This week’s Top Ten [last week’s rank in brackets]
# individuals bandedmean # individuals observed daily
1.  Tennessee Warbler (44) [1]1.  Ring-billed Gull (40.9) [1]
2.  Blackpoll Warbler (25) [-]2.  Red-winged Blackbird (28.3) [2]
3.  American Goldfinch (18) [8]3.  Cliff Swallow (20.6) [3]
4.  Magnolia Warbler (12) [3]4.  American Crow (19.0) [4]
5.  Cedar Waxwing (10) [-]5.  American Goldfinch (12.9) [9]
6.  Wilson’s Warbler (9) [7]6.  Tree Swallow (12.6) [6]
7.  Traill’s Flycatcher (8) [-]7.  Yellow Warbler (11.6) [5]
8.  Northern Waterthrush (7) [7]8.  Blackpoll Warbler (10.7) [-]
9.  Yellow-rumped Warbler (6) [3]8.  Cedar Waxwing (10.7) [-]
10.  Common Yellowthroat (4) [6]10.  Common Grackle (9.3) [8]

 

 


 

 

Week 10:  May 30 – June 5, 2009

 

 

THIS WEEKTHIS SPRING2006 TOTALSITE TOTAL
# birds (and species) banded42 (24)816 (66)848 (68)19769 (105)
# birds (and species) repeat16 (9)250 (30)250 (30)3598 (65)
# birds (and species) return0 (0)99 (23)105 (25)559 (34)
# species observed76146147198
# net hours198.52956.52980.533445.8
# birds banded / 100 net hours21.227.628.559.1

 

 

Banders-in-charge: Simon Duval, Gay Gruner, Marie-Anne Hudson

Assistants: Jean Bacon, Christine Barrie, Jean Beaudrault, Mike Beaupré, Christine Burt, David Davey, Jean De Marre, Benoît Duthu, Nicky Fleming, Marie-Pierre Gauthier, Jeff Harrison, Eve Marshall, Mike Mayerhofer, Marjorie Mercure, Chris Murphy, and the mysterious Malcolm

Notes: With only three days of banding this week due to the structure of our monitoring season (four days of census at the very end of the season due to a steep drop-off in species and individuals as birds get down to the business of breeding and/or finish their migration), it’s been a slow and lazy week at MBO. We haven’t been completely idle, however, as we took the opportunity to iron out the protocol and set up nets for our upcoming foray into our MAPS (Monitoring Avian Productivity and Survivorship – an important population monitoring coordinated by the Institute for Bird Populations that has strong participation across much of the United States, but a limited presence to date in Canada). We would like to thank Malcolm for his hard work – the net lanes are incredible! The program will run once every 10 days from now until early August; we’ll post a mid-season and end of season update to share the results of our first season of MAPS..

But back to this week … two species were added to the list of species observed this spring: Vesper Sparrow and Carolina Wren. Not only did we save the best (a.k.a. rare at MBO) for last, but with the Carolina Wren we actually managed to add a new species for the SITE, something we haven’t done all season (though it should be noted that Carolina Wren was observed at MBO in the fall of 2003 before we officially started our observations, so we did anticipate one would eventually show up again). Both birds were singing their very distinctive songs near the parking circle on different days. One species was banded for the first time this season: a sweet little female Indigo Bunting.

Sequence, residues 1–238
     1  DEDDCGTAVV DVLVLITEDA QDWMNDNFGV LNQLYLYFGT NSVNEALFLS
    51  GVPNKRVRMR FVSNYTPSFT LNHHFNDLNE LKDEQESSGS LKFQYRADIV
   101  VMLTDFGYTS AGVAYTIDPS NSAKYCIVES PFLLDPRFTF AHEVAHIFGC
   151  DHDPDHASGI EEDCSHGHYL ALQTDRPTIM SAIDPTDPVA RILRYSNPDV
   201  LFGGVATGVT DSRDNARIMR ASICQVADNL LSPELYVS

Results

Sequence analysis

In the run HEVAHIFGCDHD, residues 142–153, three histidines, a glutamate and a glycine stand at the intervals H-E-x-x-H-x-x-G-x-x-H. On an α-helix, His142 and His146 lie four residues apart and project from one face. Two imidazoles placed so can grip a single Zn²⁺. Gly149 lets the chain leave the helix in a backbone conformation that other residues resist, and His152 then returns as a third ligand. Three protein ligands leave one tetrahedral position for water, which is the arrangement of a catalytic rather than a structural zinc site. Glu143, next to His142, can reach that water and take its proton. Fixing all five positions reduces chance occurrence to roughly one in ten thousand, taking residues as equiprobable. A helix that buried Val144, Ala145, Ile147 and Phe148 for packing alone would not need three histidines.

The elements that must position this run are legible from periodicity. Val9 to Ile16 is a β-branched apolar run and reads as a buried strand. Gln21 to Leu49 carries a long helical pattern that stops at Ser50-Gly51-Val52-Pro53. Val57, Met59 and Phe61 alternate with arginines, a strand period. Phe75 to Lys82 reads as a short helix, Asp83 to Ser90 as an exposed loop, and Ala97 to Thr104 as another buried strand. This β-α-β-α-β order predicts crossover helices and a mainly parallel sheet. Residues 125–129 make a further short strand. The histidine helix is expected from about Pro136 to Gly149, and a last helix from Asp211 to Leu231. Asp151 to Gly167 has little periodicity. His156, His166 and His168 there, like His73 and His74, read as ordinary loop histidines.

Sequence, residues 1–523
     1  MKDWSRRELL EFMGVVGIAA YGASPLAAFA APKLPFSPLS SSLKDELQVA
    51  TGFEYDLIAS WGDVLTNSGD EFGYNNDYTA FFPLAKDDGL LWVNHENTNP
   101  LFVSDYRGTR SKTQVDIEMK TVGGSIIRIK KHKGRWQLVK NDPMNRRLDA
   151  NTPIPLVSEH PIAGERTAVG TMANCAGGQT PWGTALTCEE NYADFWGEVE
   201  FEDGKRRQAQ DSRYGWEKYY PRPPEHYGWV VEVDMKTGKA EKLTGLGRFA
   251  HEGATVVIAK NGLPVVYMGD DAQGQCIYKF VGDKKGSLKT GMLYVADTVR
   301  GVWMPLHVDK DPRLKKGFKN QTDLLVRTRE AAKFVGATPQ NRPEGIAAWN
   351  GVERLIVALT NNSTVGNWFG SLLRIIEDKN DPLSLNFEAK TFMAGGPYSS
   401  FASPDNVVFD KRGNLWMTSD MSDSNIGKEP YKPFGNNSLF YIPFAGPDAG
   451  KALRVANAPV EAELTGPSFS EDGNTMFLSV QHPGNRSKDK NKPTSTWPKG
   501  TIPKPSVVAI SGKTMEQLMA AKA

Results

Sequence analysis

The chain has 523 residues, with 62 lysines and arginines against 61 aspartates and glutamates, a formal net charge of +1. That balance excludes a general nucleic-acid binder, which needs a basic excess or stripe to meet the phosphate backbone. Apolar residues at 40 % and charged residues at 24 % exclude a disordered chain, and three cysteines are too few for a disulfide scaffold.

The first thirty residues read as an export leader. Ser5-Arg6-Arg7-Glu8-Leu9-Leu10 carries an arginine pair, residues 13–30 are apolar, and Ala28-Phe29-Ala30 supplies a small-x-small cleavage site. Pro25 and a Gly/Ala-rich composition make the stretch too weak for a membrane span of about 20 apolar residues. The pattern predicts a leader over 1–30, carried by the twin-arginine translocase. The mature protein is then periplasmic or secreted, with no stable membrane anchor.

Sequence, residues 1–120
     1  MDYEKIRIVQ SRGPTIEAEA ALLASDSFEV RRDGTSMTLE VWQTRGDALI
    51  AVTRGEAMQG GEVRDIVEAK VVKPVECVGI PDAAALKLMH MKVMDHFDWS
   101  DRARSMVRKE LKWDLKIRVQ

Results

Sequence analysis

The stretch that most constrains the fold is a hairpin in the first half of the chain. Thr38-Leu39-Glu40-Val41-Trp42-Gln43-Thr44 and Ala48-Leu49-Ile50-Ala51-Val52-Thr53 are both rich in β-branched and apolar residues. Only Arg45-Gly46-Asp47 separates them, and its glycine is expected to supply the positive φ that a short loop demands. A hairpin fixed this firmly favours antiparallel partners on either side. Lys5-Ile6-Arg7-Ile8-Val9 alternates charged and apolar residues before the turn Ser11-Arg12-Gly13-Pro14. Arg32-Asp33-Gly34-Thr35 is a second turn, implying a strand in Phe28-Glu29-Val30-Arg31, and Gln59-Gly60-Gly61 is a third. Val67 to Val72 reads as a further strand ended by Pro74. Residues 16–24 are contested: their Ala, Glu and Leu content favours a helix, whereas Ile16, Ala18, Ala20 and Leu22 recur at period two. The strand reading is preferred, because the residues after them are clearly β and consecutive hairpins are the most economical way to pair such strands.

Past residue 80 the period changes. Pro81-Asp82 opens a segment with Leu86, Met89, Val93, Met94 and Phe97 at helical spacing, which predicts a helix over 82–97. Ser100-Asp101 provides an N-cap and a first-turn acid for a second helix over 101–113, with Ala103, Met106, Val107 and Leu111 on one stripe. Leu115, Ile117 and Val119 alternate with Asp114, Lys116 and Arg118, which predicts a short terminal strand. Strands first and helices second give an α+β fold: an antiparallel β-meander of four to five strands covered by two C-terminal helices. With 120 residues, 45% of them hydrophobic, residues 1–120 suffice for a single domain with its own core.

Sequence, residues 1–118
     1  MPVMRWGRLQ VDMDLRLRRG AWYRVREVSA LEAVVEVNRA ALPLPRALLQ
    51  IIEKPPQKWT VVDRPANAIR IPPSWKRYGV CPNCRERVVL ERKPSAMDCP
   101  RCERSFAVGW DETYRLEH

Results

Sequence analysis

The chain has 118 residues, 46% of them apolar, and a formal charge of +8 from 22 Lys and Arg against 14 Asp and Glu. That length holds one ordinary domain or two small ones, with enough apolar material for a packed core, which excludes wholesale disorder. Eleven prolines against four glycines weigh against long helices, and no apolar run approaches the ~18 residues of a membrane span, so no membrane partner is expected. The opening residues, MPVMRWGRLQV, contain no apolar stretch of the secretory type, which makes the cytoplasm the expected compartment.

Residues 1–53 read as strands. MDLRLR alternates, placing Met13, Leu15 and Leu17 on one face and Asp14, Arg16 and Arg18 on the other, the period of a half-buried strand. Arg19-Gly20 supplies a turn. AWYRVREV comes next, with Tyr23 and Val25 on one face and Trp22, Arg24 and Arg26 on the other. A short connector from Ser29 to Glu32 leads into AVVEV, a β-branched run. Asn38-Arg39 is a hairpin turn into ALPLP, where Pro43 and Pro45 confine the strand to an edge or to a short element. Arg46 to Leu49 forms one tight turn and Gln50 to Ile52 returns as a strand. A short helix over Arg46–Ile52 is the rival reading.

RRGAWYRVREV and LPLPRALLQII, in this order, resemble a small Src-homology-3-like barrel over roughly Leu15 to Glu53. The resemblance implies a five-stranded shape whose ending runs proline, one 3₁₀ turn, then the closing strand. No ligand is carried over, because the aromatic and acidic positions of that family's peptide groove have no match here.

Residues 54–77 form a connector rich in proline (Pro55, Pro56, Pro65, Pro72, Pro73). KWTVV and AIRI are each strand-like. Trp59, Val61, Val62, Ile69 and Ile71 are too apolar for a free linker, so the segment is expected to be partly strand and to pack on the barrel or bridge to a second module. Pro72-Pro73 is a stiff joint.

This week’s list of most frequently observed species is again quite similar to last week’s, though with a bit of a shuffle in the ranks. Summer is truly here, with our breeders (either at MBO or nearby) filling up the table, each with a fairly large drop in abundance compared to previous weeks. This week’s top 10 banded species is pretty pathetic – we’ve reverted to our “tied-for-last-spot-with-one-individual-banded”. For the most part, the table indicates a mix of breeders and the last of the migrants moving through, booting it up to the Boreal. Consistent with past years, Blackpoll Warbler and Traill’s Flycatcher were among the dominant late migrants.

We had an absolutely wonderful season, so please stay tuned for the full report, due out shortly! A few teasers: the 66 species we banded marks a new spring season record, we banded record numbers of Tennessee and Wilson’s Warblers this spring, but Red-winged Blackbirds fell to a fraction of their numbers of previous years. As a final word for the season, we would like to extend a big thank you and a congratulations to our spring intern, Benoît Duthu. His enthusiasm and glee for all things natural were always a pick-me-up on those particularly early mornings! We wish him all the best in all his future endeavours.

 

This week’s Top Ten [last week’s rank in brackets]
# individuals bandedmean # individuals observed daily
1.  Blackpoll Warbler (7) [2]1.  Red-winged Blackbird (28.0) [2]
2.  Traill’s Flycatcher (4) [7]2.  Ring-billed Gull (14.1) [1]
2.  Wilson’s Warbler (4) [6]3.  American Crow (13.1) [4]
4.  American Goldfinch (2) [3]4.  Tree Swallow (9.4) [6]
4.  Cedar Waxwing (2) [5]5.  Yellow Warbler (8.6) [7]
4.  Common Yellowthroat (2) [10]6.  Cliff Swallow (7.9) [3]
4.  Magnolia Warbler (2) [4]7.  Cedar Waxwing (7.4) [8]
4.  Red-eyed Vireo (2) [-]8.  Song Sparrow (6.7) [-]
4.  Tennessee Warbler (2) [1]9.  American Goldfinch (5.7) [5]
10.  15 species tied (1)10.  Black-capped Chickadee (5.3) [-]